Hip Joint Resurfacing

What is hip resurfacing?

Figure 1

Hip resurfacing is a type of artificial joint replacement used for the treatment of severe arthritis.  As an alternative to total hip replacement, it has become increasingly popular over the last ten years with excellent results seen.  However it is not suitable in all cases.  In this practice hip resurfacing is performed with the aid of computer navigation, decreasing the risk of component malposition, a common cause of early failure.

How is it different to total hip replacement?

In Total Hip Replacement (THR), the ball and socket of the hip joint are replaced. The femoral head is removed, and a stemmed component is placed into the central part of the upper thigh bone (see Figure 1). Hip resurfacing is similar although instead of removing the femoral head completely, only the damaged cartilage and a small amount of bone is removed, and a metal cap is placed on top (see Figure 2).

 

What are the advantages of hip resurfacing?

Figure 2

The main advantage of a hip resurfacing compared to a total hip replacement is preservation of bone at the top of the thigh bone (see Figure 2). If further surgery is required in the future for loosening of the artificial joint replacement, preserving this bone makes the revision surgery less complex, shortening the recovery time and improving the durability of the second operation. Preserving bone is therefore most important in younger patients with higher activity demands, who may potentially outlive an artificial joint replacement of any design. Hip resurfacings utilise impact and wear resistant bearing surfaces, suitable for higher grade activity demands. The incidence of dislocation after hip resurfacing is reduced compared to total hip replacement.

 

 

 

 

What are the disadvantages of hip resurfacing?

Hip resurfacings can fail in ways which are not seen with a total hip replacement. Preservation of the  bone at the top of the thigh may result in weakening of this bone and result in a fracture (bone break) or collapse. This complication occurs in approximately 2% of resurfacings. Fractures usually require further surgery, and often involve revising the resurfacing to a total hip replacement. In addition to the risk of fracture, resurfacings are only available with Metal-on-Metal (MoM) bearing surfaces. While MoM bearings have a very low wear rate and are impact resistant, there are theoretical risks associated with this type of artificial joint replacement. Should a MoM bearing be recommended then the advantages and disadvantages of this implant will be discussed with you in detail.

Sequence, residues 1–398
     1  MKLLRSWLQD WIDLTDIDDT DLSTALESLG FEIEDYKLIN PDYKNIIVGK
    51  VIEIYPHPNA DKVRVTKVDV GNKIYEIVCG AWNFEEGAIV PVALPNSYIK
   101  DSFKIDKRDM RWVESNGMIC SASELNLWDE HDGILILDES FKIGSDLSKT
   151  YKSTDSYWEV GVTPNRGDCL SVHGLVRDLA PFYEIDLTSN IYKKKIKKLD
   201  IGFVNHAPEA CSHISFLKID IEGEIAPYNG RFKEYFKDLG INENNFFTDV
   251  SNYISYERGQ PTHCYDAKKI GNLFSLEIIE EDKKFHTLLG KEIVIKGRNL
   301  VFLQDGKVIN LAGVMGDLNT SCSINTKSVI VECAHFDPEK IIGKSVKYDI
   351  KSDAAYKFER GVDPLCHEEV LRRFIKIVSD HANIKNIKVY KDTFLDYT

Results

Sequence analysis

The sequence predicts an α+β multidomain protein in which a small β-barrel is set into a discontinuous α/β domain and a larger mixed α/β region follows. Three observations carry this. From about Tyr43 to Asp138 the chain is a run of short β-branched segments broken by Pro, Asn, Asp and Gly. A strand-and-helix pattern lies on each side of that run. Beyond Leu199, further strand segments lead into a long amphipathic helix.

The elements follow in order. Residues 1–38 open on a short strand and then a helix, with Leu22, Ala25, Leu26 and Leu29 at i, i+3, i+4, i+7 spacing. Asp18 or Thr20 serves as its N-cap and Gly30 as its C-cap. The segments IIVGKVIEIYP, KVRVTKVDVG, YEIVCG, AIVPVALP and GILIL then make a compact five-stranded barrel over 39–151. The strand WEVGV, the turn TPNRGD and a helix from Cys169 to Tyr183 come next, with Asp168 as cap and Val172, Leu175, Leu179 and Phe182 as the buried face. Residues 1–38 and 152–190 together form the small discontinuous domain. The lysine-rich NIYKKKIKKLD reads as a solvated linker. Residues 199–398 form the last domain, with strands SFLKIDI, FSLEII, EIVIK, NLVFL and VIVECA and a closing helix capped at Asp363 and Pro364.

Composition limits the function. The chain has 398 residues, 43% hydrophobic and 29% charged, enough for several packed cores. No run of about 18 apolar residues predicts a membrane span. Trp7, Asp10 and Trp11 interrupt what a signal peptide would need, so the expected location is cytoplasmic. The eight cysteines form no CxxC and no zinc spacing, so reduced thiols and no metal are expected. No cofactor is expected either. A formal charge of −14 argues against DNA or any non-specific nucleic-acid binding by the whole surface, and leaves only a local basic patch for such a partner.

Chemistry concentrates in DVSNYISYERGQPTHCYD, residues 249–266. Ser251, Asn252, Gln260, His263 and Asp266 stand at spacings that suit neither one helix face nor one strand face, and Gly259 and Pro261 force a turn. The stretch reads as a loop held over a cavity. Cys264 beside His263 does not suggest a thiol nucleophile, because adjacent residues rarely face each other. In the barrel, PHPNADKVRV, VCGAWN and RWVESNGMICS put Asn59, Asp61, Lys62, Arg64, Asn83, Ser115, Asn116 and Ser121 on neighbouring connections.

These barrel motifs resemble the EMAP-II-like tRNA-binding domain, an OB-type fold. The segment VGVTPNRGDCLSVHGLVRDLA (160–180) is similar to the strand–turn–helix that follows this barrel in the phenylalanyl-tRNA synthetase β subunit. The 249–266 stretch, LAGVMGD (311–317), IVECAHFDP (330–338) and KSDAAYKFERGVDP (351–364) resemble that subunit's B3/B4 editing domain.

Who is suitable for hip resurfacing?

Figure 3

Generally, the ideal candidate for hip resurfacing is a male patient less than 60 years of age with high activity demands and severe osteoarthritis of the hip.

 

Who is unsuitable for hip resurfacing?

Patients over the age of 65, particularly females, are generally better managed with a total hip replacement. Patients with arthritis due to hip dysplasia (shallow hip socket) or avascular necrosis are at higher risk of implant failure if treated with hip resurfacing.

 

Are there alternatives similar to hip resurfacing?

Yes. There are alternative procedures available similar to hip resurfacing which may be considered. These  include a ‘microplasty’ total hip replacement (short femoral stem) or a ‘Birmingham Mid-Head Resection’ (BMHR) arthroplasty. These will be discussed further if required.